Dolph, Oregon

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Unincorporated community
Former Dolph townsite
Former Dolph townsite
Dolph is located in Oregon
Dolph is located in the US
Location within the state of Oregon
Coordinates: 45°06′20″N 123°47′23″W / 45.10556°N 123.78972°W / 45.10556; -123.78972Coordinates: 45°06′20″N 123°47′23″W / 45.10556°N 123.78972°W / 45.10556; -123.78972
Country United States
State Oregon
County Tillamook
Elevation 436 ft (133 m)
Time zone Pacific (PST) (UTC-8)
 • Summer (DST) PDT (UTC-7)
GNIS feature ID 1158211[1]
Coordinates and elevation from Geographic Names Information System[1]

Dolph (also known as Dolph Junction)[2] is an unincorporated community in Tillamook County, Oregon, United States,[1] near the Yamhill County line.[3] It lies at the junction of Oregon Route 22 and Oregon Route 130 between Grande Ronde and Hebo, on the Little Nestucca River. It is within the Siuslaw National Forest in the Northern Oregon Coast Range.[3]

Dolph was named for U.S. Senator Joseph N. Dolph.[4][5] The original site of the community was at a toll gate and traveler's rest stop at the summit of the stagecoach road from the Willamette Valley to the Oregon Coast on the Tillamook-Yamhill county line.[6] The county line was later moved west, so that the old town was in Yamhill County.[7] The Dolph Toll Road, built by Jordan Fuqua between 1878 and 1882, went from Grand Ronde to Woods.[6] Dolph post office opened there in 1886, and a school was started in 1889.[4][6] At one time the community at the summit also had a hotel, a store, a sawmill, a barrel and stave factory, a livery stable, a blacksmith shop, and a campground.[4]

About a half mile from the current site of Dolph at the junction of OR 22 and OR 130, there was another toll gate and the blacksmith shop of George Baxter, who maintained the road that followed the Little Nestucca River.[6] Baxter also was the proprietor of a sulphur springs resort there.[6]

In 1916–1917, a new public road was built from the Little Nestucca road over Sourgrass Summit to join the old road at the summit at Dolph.[6] Because the new route to the coast was free, there was no longer a need to collect tolls and the town no longer had a reason to exist.[6] As a result, the school was moved to west of OR 22 near Baxter's hot springs resort.[6] The post office closed in 1921.[4] Dolph school closed in 1930 when it was combined with the Castle Rock school to form Hebo School District.[6] By the 1970s, nothing remained at the old town site but an apple orchard and a small cemetery on a hilltop a half a mile away.[6]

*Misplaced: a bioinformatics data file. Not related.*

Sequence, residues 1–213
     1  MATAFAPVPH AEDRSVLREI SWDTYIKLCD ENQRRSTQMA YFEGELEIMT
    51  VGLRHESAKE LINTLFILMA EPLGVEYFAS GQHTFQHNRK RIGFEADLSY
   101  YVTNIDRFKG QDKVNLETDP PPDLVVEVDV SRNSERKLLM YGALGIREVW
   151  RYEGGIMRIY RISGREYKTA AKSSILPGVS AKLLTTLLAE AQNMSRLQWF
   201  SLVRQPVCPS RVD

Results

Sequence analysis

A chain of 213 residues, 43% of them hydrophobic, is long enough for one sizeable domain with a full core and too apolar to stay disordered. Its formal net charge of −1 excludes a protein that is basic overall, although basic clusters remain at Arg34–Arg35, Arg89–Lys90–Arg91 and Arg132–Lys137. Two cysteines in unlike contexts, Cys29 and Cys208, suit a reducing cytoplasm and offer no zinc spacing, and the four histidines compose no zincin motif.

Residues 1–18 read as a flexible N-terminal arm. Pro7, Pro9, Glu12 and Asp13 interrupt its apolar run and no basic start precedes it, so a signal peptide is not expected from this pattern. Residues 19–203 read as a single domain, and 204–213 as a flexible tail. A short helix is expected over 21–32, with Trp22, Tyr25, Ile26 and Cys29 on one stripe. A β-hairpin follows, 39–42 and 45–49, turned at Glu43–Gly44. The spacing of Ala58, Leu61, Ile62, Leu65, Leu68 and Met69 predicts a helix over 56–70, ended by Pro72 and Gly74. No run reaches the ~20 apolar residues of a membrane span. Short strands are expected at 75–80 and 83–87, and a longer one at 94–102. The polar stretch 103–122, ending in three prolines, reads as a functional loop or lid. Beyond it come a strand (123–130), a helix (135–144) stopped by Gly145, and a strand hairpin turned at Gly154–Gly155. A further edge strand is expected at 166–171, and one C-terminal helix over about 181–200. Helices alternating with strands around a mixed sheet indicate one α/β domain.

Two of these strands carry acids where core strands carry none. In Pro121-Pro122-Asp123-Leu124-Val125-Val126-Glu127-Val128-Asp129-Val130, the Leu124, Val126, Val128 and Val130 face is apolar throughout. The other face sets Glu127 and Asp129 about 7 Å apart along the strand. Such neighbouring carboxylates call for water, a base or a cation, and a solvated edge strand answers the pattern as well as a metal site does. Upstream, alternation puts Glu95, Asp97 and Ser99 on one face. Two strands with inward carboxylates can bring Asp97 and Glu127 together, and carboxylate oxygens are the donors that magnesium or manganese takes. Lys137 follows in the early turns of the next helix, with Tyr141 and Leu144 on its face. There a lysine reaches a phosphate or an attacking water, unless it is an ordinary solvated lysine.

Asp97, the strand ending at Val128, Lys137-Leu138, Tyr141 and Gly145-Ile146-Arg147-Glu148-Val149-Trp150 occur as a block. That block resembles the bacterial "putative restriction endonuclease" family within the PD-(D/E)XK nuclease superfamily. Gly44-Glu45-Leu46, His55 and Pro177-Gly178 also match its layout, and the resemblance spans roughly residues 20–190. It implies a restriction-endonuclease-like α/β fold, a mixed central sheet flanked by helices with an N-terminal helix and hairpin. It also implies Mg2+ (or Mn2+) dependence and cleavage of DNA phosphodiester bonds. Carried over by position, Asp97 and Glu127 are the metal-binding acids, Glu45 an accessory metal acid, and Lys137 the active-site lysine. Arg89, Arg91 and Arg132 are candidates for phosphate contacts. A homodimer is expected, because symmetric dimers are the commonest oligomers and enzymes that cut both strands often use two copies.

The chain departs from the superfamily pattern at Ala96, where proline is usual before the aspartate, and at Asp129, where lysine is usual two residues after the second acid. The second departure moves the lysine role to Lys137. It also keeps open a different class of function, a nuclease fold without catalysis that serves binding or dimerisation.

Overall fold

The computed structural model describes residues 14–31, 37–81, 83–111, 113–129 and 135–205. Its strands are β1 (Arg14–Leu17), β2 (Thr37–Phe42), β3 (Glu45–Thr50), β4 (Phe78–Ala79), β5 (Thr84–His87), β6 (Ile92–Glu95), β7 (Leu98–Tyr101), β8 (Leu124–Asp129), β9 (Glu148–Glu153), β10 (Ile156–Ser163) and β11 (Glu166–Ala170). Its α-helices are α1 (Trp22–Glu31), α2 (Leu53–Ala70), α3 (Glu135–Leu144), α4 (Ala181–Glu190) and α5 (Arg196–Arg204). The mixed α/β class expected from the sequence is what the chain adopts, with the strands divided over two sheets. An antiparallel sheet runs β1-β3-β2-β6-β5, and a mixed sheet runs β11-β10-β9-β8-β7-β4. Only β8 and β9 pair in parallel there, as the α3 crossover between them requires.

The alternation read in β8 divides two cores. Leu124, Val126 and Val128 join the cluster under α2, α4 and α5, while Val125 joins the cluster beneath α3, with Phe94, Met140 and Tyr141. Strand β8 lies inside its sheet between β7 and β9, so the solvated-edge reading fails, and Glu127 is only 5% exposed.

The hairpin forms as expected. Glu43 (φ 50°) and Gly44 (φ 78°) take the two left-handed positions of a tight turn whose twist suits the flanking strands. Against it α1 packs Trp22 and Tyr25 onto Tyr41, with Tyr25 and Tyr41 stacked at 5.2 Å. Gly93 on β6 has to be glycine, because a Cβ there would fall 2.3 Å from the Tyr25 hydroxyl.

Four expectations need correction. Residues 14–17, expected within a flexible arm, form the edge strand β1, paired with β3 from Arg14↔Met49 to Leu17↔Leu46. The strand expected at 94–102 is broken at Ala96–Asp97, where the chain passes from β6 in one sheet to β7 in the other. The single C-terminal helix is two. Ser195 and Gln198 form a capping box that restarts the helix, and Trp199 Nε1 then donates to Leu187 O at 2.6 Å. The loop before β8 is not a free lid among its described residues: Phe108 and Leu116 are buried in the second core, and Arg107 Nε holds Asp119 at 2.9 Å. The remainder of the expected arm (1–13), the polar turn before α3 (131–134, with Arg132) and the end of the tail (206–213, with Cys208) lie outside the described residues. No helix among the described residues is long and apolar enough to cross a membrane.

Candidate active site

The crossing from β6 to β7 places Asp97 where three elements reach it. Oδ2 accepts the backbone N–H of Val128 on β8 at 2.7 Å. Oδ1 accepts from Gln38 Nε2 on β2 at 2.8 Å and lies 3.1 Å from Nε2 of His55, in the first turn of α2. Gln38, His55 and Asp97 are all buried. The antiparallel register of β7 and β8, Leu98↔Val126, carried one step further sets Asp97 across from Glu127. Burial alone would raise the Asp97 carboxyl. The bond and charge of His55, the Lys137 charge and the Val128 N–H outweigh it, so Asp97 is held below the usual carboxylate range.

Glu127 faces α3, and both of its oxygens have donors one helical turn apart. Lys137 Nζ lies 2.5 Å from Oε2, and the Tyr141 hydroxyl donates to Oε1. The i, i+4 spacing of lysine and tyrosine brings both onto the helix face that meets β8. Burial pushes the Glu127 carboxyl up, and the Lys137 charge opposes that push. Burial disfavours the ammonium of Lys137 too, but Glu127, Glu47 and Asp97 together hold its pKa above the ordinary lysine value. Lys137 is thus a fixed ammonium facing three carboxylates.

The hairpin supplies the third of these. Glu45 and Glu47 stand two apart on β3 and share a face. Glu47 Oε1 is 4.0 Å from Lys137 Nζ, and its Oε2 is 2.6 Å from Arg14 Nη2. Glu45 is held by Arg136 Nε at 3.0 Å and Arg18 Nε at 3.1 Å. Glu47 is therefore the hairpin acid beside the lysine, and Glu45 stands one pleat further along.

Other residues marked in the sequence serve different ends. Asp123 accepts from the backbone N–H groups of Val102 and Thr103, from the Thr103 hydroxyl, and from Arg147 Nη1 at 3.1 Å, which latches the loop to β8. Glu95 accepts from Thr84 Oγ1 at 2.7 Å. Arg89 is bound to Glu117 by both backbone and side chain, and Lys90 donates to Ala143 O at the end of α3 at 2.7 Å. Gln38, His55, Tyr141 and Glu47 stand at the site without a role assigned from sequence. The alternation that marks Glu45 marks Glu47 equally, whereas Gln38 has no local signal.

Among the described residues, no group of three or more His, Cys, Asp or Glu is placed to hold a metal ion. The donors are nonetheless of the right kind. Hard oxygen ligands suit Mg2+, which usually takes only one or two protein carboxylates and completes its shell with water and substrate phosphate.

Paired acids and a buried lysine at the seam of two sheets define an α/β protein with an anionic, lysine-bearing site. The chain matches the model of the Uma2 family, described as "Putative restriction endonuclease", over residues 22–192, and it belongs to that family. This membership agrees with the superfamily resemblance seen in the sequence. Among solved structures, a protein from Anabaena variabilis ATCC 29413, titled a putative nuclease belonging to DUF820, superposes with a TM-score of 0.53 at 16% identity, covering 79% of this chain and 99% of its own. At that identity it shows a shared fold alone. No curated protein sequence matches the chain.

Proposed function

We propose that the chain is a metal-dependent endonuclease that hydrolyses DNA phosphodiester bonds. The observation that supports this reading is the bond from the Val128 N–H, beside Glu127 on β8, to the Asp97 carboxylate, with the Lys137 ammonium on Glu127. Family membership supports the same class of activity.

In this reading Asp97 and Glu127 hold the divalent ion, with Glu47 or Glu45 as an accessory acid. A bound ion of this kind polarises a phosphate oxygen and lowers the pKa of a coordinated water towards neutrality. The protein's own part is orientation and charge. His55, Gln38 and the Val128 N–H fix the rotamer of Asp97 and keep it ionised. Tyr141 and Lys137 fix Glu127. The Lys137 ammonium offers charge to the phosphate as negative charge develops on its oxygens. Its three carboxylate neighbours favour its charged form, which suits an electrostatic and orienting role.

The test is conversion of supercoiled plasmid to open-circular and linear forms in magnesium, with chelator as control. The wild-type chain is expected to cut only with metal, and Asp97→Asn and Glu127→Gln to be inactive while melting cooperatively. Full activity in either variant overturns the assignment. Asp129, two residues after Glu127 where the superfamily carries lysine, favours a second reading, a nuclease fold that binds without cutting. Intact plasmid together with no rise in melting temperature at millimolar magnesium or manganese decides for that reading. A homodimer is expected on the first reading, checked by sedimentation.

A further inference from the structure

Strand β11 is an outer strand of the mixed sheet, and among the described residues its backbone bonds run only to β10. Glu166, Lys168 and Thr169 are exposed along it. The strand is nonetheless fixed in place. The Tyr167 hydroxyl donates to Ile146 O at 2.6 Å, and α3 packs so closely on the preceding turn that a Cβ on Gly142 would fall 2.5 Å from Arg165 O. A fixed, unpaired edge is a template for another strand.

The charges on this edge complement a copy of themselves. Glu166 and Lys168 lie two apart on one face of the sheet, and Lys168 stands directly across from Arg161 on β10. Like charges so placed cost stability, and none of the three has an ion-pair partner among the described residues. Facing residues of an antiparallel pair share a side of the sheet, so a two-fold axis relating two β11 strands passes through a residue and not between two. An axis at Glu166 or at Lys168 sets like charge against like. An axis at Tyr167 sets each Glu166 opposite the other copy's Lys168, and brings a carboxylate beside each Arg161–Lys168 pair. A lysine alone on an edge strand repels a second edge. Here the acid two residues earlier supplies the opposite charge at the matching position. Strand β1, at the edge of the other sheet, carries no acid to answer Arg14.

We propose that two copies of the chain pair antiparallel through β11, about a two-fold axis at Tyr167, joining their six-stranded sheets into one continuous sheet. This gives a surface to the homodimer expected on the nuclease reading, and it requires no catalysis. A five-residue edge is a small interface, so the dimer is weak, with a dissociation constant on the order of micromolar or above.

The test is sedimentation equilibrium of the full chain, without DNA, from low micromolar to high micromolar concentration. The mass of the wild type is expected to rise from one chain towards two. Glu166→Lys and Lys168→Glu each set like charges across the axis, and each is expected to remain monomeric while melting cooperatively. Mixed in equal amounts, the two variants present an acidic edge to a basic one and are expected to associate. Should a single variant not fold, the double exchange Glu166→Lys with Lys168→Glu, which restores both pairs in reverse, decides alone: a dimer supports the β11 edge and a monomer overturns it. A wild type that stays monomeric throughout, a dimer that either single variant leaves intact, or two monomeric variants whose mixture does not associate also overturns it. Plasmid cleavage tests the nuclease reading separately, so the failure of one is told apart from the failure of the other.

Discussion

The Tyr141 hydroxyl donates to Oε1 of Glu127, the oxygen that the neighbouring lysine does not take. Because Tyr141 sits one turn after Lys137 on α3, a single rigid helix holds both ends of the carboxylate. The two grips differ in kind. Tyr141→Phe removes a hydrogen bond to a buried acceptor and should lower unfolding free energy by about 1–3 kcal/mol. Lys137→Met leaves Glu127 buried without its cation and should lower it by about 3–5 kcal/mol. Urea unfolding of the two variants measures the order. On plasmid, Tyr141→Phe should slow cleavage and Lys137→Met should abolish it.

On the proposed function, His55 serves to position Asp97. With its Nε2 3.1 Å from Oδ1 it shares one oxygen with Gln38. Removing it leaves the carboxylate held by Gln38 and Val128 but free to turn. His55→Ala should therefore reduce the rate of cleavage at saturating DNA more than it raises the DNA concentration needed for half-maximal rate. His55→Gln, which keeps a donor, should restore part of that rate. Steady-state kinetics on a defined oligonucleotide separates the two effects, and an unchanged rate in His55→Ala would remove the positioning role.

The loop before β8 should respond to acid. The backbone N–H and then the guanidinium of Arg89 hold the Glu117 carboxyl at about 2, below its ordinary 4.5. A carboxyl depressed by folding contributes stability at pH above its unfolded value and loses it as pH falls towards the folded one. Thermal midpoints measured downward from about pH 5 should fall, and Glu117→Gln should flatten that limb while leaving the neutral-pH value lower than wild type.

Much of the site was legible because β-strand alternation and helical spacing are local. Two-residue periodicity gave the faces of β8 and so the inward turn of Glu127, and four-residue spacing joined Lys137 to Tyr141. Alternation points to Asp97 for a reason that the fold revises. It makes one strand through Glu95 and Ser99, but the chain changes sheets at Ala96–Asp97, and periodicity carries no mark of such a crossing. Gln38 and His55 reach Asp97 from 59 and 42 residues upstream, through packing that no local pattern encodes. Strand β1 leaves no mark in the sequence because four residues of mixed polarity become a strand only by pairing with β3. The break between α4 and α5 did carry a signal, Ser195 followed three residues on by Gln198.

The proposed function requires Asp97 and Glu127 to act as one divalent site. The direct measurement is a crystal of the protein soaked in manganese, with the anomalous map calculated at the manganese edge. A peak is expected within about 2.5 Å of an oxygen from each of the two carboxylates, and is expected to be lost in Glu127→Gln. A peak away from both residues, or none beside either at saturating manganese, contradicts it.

Today there is also nothing left at the new town site at the junction, although as of 1940, there was still a hot springs resort near there.[6][8] Photos show a store and hotel building at the highway junction as recently as the mid-1960s; it is now demolished.

Polk County[edit]

There is also a historic locale named Dolph in Polk County; it was a station on the Southern Pacific Railroad.[9] The station was also known as "Brown".[9]


  1. ^ a b c "Dolph". Geographic Names Information System. United States Geological Survey. November 28, 1980. Retrieved December 19, 2016. 
  2. ^ "Sinkhole Closes Highway 22". Tillamook Headlight-Herald. December 9, 2015. Retrieved December 9, 2015. 
  3. ^ a b Oregon Atlas & Gazetteer (7th ed.). Yarmouth, Maine: DeLorme. 2008. p. 26. ISBN 0-89933-347-8. 
  4. ^ a b c d McArthur, Lewis A.; McArthur, Lewis L. (2003) [1928]. Oregon Geographic Names (7th ed.). Portland, Oregon: Oregon Historical Society Press. p. 296. ISBN 978-0875952772. 
  5. ^ Gannett, Henry (1905). The Origin of Certain Place Names in the United States. Govt. Print. Off. p. 107. 
  6. ^ a b c d e f g h i j k McKillip, Lloyd. "History: Dolph, Oregon". Retrieved 2010-01-07. 
  7. ^ "Interactive Map of Oregon County Formation History". Maps of Oregon. Retrieved January 23, 2016. 
  8. ^ Writers' Program of the Work Projects Administration in the State of Oregon (1940). Oregon: End of the Trail. American Guide Series. Portland, Oregon: Binfords & Mort. p. 494. OCLC 4874569. 
  9. ^ a b "Dolph". Geographic Names Information System. United States Geological Survey. August 1, 1994. Retrieved July 1, 2010. 

External links[edit]